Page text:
Over in the New York Times, Tyler Kepner explains the Yankees’ approach this off-season:
It turns out the Yankees are not obliged to sign a player just because he happens to be a free agent who would fill a need. They won 97 games last season, the most in the league, before their first-round playoff loss. They can give it another try with these players and go back on the market next winter, when the free-agent starters should be much more appealing.
Cole Hamels and Matt Cain, All-Stars younger than 30 with strong postseason pedigrees, are unsigned past this season. Either would make more sense for the Yankees, in the long term, than [C.J.] Wilson or the other top starters on this winter’s market.
…What they are doing is planning ahead, a strategy that fits Hal Steinbrenner much better than it ever did his impatient father, George. Incentives in the new collective bargaining agreement would essentially reward the Yankees for reducing their payroll to $189 million by 2014. By then, Burnett, Mariano Rivera, Rafael Soriano and Nick Swisher will be off the payroll, which has exceeded $200 million in each of the last four years.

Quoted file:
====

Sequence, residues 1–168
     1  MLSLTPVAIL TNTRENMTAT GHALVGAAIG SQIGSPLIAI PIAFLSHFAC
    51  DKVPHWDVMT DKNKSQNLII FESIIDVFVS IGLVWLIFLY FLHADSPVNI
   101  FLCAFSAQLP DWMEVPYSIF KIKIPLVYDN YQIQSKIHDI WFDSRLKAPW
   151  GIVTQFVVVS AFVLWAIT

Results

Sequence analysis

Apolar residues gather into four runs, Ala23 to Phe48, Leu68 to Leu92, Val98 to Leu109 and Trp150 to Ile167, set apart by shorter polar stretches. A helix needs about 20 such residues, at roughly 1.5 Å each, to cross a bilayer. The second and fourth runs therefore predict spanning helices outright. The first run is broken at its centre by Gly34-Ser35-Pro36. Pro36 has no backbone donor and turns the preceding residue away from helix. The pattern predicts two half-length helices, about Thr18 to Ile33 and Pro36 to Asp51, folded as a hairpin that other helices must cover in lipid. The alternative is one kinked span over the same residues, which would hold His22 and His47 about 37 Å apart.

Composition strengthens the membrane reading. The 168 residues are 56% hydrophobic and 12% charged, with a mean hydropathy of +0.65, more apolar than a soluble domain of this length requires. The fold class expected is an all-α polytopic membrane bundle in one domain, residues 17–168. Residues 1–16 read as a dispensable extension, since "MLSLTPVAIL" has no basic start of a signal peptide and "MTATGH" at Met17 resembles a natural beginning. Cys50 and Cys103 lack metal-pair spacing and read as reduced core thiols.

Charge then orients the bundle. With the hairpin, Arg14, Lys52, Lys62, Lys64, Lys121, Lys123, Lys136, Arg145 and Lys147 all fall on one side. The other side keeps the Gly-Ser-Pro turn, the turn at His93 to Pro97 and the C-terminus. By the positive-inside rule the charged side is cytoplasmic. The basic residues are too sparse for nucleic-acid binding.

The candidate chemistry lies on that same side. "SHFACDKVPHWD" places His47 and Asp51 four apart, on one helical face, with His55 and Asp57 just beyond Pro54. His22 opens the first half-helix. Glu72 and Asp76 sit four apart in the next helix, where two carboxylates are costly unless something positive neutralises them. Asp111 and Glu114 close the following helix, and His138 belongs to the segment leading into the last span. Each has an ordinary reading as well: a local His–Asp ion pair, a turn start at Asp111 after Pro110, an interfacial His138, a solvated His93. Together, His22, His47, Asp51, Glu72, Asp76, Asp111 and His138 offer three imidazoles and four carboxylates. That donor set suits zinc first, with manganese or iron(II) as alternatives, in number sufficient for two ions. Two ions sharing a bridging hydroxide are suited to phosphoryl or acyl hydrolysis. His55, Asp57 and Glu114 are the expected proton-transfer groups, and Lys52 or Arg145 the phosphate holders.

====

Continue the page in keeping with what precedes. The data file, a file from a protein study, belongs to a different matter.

At the moment, the Yankees owe just over $80 million to Sabathia, Alex Rodriguez, Mark Teixeira and Derek Jeter for 2014. That leaves a lot of room for marquee talent, some of which is already in pinstripes.
This is all so sensible, though it feels odd on some level, a George-less Yankee team, one that exercises caution. Part of me is waiting for someone there to stop making sense–another Soriano maybe? In the meantime, they are being very Dude-like about it. Go figure.